Great supporting character cast, however I’m not feeling the love for most of them at this point and I think I have a good reason but I’ll wait until I read the next installment. Thad Shaffer, Brooke Seifert, and Tori Hastings can all kiss my ass at this point. If they turn out to be something better than what I believe them to be I will recant that statement but something tells me that they are also not what they seem. I’m also a little leery of Durand’s head of Human Resources, Sebastian Kehoe. The guy doesn’t have much dialogue but whatever it is, he seems to rub me the wrong way. Kuvi, Alice’s roomie is ok at this point but I’m not holding my breath!

To wrap this up I found the story extremely exciting and jam packed with tons of suspense. The sexual magnetism between Dylan and Alice is excellent and kept me glued to the pages. The pacing isn’t exactly fast but it’s also not slow. Miss Kery seems to go in great detail when explaining situations, surroundings, and characters. One thing I appreciate is the fact that the writing style still seemed effortless to read. I cannot wait to read the next installment and find out what’s in store for Dylan and Alice and the rest of the Durand camp.

ARC provided by publisher for an honest review

5 Stars

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EXCERPT

After nearly an hour of intense question and answering, he tipped his forearm and glanced at his watch.

“You’re a statistical trend spotter, aren’t you?” he asked casually, referring to her ability to absorb data and quickly break it down into meaningful trends, spot anomalies, and even predict outcomes.

“I suppose you could call me that,” Alice said.

“Are you a savant?”

“No,” she denied tensely. The word savant labeled her as a freak. All she wanted was to go unnoticed. Freaks didn’t blend in. “I just have a decent feel for numbers and what they mean.”

“You have a phenomenal feel. A rare gift,” he corrected, his deep voice making her spine prickle again in heightened awareness. “I think you’ve informed me of just about everything I need to know,” he suddenly said briskly, his gaze on the papers on the desk. Alice eased forward in her chair, recognizing the end of the interview. “I was wondering—were you interested specifically in
Durand Enterprises before you began the philanthropy study?”

She shook her head. “No. I mean . . . I knew about it, of course. I was familiar with both its corporate success and philanthropic emphasis.”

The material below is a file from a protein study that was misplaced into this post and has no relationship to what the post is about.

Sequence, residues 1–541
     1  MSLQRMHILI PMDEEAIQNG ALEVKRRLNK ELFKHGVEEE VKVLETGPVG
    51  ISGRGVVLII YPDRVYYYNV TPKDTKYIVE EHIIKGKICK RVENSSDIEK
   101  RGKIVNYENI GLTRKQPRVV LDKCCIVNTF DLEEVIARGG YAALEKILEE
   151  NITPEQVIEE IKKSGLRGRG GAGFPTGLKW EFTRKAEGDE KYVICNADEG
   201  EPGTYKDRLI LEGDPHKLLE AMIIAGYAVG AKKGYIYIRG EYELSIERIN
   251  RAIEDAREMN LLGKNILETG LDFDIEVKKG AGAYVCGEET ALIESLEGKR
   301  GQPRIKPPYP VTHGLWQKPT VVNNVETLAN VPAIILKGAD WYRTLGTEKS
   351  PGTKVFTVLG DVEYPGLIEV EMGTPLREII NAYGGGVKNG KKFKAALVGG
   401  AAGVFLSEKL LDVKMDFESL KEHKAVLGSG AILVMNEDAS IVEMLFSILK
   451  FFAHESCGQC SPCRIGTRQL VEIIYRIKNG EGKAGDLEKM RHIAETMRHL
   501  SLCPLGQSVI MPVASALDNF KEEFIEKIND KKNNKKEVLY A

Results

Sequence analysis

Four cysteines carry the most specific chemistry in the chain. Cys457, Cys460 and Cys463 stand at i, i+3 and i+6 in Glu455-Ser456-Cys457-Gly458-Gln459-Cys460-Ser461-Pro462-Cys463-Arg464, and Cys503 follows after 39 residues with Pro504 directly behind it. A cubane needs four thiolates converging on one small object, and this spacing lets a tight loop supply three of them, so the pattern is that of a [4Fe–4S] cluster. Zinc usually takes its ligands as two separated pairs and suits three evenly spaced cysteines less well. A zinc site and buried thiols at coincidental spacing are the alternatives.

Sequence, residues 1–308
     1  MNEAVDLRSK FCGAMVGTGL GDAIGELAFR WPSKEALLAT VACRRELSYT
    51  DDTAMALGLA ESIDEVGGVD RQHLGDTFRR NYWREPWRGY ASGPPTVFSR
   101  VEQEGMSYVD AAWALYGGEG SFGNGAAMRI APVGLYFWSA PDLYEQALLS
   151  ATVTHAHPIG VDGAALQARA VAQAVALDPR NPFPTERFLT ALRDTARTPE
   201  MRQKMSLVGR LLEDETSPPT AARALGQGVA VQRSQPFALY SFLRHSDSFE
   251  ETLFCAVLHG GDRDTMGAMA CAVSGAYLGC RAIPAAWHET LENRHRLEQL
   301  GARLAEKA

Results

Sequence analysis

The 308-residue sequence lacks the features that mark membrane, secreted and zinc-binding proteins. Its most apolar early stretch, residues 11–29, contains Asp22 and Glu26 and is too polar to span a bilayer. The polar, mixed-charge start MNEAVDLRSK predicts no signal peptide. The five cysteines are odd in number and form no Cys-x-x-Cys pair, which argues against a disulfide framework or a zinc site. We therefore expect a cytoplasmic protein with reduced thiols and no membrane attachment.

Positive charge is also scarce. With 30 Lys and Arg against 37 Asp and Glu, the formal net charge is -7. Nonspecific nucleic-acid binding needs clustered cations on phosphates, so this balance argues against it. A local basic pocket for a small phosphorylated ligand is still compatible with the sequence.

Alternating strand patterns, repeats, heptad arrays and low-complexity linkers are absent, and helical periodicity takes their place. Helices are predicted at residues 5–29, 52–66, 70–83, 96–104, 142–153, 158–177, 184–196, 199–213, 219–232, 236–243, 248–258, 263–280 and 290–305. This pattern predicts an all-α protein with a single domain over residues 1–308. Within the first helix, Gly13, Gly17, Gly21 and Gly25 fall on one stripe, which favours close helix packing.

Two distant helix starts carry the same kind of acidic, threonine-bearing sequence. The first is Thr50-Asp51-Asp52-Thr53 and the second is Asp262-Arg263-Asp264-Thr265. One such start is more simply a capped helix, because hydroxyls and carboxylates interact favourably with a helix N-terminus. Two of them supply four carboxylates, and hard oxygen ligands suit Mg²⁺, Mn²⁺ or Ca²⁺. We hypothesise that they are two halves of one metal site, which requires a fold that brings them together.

“Ah. I was under the impression from your advisor that you were the one who first suggested Durand for the study,” he said.

“I might have been. I’m a business major,” she said shrugging. “Durand Enterprises is one of the most successful businesses in the world.”

He took off his glasses, his gaze on her sharp.

“Are there any questions you have for me?” he asked after a pause in which Alice had to force herself not to squirm.

“How many people will be chosen as Camp Durand counselors?”

“Fifteen. We try to keep the camper-to-counselor ratio as low as possible, while offering scholarships to as many of the kids as we can. New-participant numbers remain fairly steady, but the returning campers have to keep a clean legal record and pass several random drug tests if they have a history, in addition to maintaining an acceptable grade point average. As you probably already know, the camp focuses on junior high and high school-aged kids. Each counselor usually has around ten kids on his or her team.”

“So only nine counselors make the cut to become a Durand manager,” she reflected. “Do you honestly think that this setup—a summer camp on the shores of Lake Michigan for three weeks—really gives Durand the information it needs to hire top notch executives?” she asked skeptically. “It seems a little”—silly, she said in the privacy of her brain—“odd to expect business graduate students to have the necessary experience. We’re not social workers or teachers. Or babysitters.”

He flashed her a glance when she mumbled the last under her breath.